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hoes and nigger and things like that. but i've never seen anything and i've certainly never heard him say anything of an anti-semitic nature. what i do know is the surgeon who had reformed and his mother died as a result of the surgery i believe that it was doctor shrine that he had attacked. aaron mckinney was a very confused young man and fancied himself as a gangster in the way that some of those rap stars and hip-hop guys do. i can't say enough because it's not something that i've experienced directly with him. >> excuse me one second. i want you to be part of the question and process.
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>> he was supposed to be a part of this. >> actually, we ended up being redundant because he's giving a good job on the number of questions and things. i'm the publisher from the boomerang and just going as far as the question and answer period i moved to wyoming in 2001 from idaho so i came onto the story long after the fact. i came in and a member of you that i have seen before i tended to assume that what i heard from the national media wasn't really
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the whole story or what i assume happened. so, i have been interested in both and what steve has had to talk about. anyway, if we go on with the question and answer, i would ask that you -- [inaudible] make sure that it's in the form of a question, please. it was actually a quick statement. to verify that it wasn't a hate crime against a gay my nephew said when he got in the door shut and russell looked at him and so i hope you're not gay because i don't want to have to kill another person and then he laughed and said don't worry that has nothing to do with what we did. the implication was matthew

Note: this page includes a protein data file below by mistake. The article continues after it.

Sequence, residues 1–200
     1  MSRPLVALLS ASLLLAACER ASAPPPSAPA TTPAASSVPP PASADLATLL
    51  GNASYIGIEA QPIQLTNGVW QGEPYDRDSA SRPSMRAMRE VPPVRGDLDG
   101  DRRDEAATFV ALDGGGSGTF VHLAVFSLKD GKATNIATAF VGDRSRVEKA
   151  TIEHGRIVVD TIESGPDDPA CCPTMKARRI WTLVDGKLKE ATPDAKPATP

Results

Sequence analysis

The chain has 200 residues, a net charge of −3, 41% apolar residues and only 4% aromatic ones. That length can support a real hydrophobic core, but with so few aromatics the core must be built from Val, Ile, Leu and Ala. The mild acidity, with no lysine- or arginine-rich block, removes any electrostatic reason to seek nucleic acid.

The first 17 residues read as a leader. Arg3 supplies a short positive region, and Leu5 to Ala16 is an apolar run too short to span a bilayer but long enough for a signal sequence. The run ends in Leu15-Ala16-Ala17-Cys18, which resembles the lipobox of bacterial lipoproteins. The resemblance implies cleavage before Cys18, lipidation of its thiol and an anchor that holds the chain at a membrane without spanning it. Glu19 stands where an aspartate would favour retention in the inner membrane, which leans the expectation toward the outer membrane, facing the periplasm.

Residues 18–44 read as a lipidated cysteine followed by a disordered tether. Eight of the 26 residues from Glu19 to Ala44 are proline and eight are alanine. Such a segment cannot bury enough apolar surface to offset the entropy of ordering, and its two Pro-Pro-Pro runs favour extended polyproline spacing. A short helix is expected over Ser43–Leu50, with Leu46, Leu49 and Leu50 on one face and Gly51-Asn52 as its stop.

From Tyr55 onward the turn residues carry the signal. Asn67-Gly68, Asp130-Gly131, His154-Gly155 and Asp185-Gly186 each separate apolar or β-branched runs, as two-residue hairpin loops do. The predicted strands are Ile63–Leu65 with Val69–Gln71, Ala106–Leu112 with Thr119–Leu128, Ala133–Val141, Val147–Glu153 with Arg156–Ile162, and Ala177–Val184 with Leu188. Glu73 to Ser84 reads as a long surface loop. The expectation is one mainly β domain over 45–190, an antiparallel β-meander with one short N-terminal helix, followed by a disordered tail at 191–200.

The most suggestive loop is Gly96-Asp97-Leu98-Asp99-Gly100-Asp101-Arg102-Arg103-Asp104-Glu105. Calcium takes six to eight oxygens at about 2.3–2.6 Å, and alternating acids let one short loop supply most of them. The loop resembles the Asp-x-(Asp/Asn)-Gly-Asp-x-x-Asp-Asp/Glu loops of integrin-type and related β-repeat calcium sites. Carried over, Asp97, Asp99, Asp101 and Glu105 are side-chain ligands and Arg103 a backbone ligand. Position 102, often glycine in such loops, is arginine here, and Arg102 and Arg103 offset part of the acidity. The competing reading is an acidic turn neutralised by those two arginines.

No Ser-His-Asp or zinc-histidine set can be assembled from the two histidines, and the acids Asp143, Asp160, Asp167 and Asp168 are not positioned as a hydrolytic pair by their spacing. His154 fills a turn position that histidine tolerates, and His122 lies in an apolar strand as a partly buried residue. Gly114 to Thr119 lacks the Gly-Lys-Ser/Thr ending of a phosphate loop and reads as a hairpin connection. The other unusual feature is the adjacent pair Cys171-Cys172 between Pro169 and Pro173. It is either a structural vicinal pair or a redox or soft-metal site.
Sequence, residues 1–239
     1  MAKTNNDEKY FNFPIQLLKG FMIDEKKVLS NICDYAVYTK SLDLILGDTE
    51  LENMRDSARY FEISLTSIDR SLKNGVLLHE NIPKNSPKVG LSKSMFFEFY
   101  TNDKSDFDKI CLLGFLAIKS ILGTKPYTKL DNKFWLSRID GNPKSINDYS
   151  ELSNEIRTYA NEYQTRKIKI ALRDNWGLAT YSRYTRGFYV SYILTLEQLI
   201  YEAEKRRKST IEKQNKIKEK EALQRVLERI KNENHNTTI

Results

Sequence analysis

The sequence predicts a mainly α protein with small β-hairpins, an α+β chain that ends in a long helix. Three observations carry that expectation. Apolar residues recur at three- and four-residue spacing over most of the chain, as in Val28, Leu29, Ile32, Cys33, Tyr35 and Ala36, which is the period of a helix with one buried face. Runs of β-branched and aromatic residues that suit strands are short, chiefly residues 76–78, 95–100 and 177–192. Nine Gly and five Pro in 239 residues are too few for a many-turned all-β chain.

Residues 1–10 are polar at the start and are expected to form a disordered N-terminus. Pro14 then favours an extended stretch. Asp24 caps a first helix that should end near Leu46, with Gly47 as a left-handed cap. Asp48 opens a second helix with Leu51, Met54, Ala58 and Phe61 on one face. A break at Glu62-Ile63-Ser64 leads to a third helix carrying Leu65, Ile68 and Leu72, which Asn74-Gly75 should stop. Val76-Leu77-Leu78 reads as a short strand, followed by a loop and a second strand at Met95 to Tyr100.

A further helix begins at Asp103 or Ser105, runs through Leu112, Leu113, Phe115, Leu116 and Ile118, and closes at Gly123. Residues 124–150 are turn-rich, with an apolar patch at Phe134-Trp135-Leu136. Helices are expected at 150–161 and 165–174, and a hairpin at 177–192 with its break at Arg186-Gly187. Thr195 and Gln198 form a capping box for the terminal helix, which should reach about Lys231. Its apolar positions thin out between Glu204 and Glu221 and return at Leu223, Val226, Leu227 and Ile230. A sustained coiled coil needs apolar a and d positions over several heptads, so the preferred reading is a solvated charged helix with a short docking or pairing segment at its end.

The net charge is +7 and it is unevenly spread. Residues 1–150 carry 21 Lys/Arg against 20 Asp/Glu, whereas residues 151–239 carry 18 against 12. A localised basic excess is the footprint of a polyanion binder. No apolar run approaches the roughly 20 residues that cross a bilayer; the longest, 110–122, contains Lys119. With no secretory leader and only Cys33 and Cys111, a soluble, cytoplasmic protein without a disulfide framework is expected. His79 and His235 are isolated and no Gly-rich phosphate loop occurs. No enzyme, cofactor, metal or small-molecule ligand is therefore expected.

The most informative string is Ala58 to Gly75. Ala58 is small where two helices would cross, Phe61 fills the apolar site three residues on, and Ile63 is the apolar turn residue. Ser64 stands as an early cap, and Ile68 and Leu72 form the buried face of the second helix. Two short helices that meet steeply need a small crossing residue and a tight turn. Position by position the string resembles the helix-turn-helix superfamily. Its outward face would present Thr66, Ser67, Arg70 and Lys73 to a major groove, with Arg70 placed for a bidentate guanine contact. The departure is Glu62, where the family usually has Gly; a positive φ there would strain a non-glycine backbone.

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shepard being gay had nothing to do with the reason why they killed him. >> i do agree with that. so anyway that relieved him of the fear because that's what he said as i don't want to have to kill another person. and then he said don't worry. that's not why we did it. >> we can juggle back and forth here. please, we have other questions if people would come up to the microphone. while we are waiting for somebody else to show up, one of the things from the perspective of the daily newspaper journal is your book and reporting and projects depend a lot more heavily on anonymous quotes and unsubstantiated as far as the
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things -- and i know that it is a different genre but could you explain to us a little bit about how you make the decisions of what you're going to include, what you look for to determine the credibility of the people that are telling you things. >> first of all, just to say when you say unsubstantiated, they are not unsubstantiated in the sense that the sources i have named in the book fo buck m i have used a pseudonym or anonymous source had been invented many times including when i was at abc news. every single reporting note and every contact was gone through by a team of lawyers at the news and there was a process that happened with my publisher. there is no source i have used in the book that is not named that hasn't been backed up with additional information but let
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me offer a little bit more of an explanation. in the book at the end of the book there are 112 named sources that i spoke with over the course of my research over the many years. in the buck, there are what i say is a handful of people for whom i gave sue the -- pseudonyms and anonymity in the record. i began this work of long time ago and following the crime in 2000 and 2002 i have to explain to people that the order was no longer in place and they could actually talk without the fear of repercussions that the reason that i used some of the anonymous sources is tha said fe thing there for only willing to talk with the on the condition of anonymity and that certainly includes some people on one side